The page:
Some people like removing their supports after everything has cured, but I find it’s more destructive if you wait until then. In my experience, cured supports shatter and have taken off small divots of material where they attached to the print.
- Use the flush cutters to snip off the support material
- Make sure to be flush with the surface of the print, or as close as you can get.
- In some cases, the supports won’t take much effort at all to come off, but with some of the finer details with supports attached, you’ll want to be careful that the force of the snips closing doesn’t take the detail with it.
Step 3: Cleaning the 3D print
No matter how long your print is, there will be some amount of resin on the surface. If you let this harden, it will slightly distort the true shape of the model. In some cases it will harden as drips rather than a full coating and in others it will leave them sticky for a long time, allowing them to attract and stick to any dust and debris.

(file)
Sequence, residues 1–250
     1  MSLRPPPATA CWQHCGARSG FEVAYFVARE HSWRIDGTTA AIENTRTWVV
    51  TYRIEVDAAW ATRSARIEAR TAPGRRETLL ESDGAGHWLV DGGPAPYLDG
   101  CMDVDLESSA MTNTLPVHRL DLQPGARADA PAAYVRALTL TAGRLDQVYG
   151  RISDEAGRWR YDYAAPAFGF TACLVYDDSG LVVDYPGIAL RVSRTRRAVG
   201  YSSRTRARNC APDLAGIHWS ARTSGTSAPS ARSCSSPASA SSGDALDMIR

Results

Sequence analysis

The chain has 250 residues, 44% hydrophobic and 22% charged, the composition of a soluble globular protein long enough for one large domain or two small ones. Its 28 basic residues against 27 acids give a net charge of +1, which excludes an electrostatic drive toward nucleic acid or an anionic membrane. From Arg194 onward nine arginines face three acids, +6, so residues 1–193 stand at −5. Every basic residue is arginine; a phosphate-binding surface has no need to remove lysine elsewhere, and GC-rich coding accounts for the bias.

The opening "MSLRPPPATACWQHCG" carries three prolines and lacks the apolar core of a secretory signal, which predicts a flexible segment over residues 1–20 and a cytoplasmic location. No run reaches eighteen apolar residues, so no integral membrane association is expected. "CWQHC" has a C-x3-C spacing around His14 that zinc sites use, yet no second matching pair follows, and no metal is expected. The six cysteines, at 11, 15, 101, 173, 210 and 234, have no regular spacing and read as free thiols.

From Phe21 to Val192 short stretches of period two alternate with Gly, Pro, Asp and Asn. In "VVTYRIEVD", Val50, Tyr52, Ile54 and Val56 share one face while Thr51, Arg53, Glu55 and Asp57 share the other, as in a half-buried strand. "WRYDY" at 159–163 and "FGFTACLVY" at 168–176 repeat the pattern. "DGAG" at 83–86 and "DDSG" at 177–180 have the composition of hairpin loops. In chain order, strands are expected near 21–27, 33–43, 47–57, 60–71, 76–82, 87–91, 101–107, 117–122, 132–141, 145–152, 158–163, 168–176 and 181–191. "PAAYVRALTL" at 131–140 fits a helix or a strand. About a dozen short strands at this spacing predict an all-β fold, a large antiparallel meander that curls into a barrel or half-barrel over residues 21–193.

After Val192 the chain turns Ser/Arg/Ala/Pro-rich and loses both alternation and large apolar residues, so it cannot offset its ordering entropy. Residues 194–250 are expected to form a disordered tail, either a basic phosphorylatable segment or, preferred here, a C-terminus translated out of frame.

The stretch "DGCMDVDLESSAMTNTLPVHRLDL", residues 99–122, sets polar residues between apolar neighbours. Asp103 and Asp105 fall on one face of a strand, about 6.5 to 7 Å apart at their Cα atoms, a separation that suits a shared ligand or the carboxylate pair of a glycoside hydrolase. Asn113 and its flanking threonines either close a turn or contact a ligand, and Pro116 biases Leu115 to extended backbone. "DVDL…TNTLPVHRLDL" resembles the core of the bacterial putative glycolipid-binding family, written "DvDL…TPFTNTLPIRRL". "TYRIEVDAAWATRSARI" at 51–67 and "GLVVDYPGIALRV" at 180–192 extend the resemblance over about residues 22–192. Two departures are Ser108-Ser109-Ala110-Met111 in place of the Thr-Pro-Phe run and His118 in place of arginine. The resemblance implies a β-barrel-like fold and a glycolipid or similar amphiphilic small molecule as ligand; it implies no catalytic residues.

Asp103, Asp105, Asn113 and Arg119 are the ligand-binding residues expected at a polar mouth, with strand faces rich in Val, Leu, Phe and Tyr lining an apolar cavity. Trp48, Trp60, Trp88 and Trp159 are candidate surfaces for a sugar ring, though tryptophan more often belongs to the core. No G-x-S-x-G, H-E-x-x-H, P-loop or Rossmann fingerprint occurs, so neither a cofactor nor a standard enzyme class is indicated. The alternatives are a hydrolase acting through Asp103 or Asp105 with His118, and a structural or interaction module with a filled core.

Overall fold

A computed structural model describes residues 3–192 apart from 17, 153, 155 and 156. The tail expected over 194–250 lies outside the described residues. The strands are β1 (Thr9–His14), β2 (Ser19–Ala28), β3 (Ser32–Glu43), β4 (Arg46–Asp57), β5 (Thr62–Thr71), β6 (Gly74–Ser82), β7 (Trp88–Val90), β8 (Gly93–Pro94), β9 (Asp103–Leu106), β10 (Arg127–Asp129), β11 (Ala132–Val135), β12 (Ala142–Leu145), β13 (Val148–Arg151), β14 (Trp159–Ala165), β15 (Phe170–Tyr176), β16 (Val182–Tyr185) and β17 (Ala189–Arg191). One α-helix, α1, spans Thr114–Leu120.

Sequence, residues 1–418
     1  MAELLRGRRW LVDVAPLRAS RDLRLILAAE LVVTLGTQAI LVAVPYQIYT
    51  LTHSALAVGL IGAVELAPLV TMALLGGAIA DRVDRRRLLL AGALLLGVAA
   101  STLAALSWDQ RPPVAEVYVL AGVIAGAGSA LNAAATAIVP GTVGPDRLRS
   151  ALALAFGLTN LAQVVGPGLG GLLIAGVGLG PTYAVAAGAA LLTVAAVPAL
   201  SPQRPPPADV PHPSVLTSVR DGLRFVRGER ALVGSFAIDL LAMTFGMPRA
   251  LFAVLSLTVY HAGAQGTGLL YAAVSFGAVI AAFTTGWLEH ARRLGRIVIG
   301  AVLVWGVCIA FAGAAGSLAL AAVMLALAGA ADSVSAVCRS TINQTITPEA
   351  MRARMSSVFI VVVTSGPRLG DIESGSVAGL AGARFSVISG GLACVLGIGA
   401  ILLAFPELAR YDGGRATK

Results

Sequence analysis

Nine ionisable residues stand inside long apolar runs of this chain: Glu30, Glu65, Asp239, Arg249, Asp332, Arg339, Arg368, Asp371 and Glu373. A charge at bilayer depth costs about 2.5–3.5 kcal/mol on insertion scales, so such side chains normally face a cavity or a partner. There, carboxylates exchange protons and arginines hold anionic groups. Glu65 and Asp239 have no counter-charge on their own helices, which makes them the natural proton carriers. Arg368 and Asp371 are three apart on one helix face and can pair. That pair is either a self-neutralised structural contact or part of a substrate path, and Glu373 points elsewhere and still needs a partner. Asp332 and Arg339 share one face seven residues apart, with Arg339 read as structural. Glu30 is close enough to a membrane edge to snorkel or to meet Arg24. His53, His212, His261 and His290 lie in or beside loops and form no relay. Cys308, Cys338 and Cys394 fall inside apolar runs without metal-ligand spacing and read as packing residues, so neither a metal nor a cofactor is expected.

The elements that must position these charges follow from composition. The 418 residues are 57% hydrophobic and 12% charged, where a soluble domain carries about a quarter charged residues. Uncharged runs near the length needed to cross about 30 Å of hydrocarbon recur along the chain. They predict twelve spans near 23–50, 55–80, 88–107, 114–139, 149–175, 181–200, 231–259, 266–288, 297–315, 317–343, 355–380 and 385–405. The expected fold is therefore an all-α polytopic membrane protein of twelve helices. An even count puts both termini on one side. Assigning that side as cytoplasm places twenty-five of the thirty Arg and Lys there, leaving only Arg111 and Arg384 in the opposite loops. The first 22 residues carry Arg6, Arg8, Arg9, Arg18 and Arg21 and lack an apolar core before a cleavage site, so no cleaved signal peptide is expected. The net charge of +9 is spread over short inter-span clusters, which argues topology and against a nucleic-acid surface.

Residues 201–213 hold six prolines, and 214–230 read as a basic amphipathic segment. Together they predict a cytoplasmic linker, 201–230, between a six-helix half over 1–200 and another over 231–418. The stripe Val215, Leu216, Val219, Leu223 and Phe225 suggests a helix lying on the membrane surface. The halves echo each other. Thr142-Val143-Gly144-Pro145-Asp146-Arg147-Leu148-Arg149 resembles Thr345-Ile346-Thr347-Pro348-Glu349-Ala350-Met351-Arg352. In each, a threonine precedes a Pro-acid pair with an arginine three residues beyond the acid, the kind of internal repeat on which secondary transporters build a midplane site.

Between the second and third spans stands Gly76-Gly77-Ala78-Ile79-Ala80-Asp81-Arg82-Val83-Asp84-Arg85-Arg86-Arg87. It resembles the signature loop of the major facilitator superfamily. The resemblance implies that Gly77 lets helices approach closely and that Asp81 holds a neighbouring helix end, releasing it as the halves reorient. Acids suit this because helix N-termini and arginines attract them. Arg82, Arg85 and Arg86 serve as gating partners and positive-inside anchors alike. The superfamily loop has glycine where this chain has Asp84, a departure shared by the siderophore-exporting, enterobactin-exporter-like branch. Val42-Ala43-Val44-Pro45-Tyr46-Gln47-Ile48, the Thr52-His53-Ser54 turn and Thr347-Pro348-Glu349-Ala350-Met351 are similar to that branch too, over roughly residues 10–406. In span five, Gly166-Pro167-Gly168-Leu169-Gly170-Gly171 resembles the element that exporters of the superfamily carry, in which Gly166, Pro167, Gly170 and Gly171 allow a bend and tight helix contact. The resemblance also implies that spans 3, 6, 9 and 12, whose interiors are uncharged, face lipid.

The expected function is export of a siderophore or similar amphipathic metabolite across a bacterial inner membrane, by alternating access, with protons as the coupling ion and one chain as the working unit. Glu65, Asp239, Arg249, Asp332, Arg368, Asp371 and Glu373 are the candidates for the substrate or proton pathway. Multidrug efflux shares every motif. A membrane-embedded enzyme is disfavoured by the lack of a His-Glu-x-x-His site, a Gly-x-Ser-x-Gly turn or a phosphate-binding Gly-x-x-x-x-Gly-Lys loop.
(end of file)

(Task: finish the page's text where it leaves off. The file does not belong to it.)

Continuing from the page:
- Get an ultrasonic cleaner from the retailer of your choice.
- The biggest thing is making sure that its volume is big enough to fit the parts you will be printing.
- Cover your work surface with plastic sheeting or paper towels to collect any drips or spills
- Isopropyl alcohol will strip paints, stains, or varnishes, so be careful when handling on these surfaces.
- Fill it halfway with isopropyl alcohol
- Gently drop your 3D print into the alcohol.
- Make sure that there is either enough alcohol to completely cover your part, or intend to do a couple passes to cover all sides.
- Turn on the cleaner.
- I don’t usually heat the alcohol and have had great results without it.
- Normally I turn it on for 3 minutes and that’s enough to feel a significant difference between before and after putting the part in. It doesn’t need to soak for hours, but it couldn’t hurt letting it soak and clean for 10 minutes or so.
- Use the basket usually included with the cleaner to lift the part out of the alcohol.
- Gently dab the 3D print with paper towels to soak up as much of the isopropyl alcohol as you can.
Step 4: Post-processing the 3D print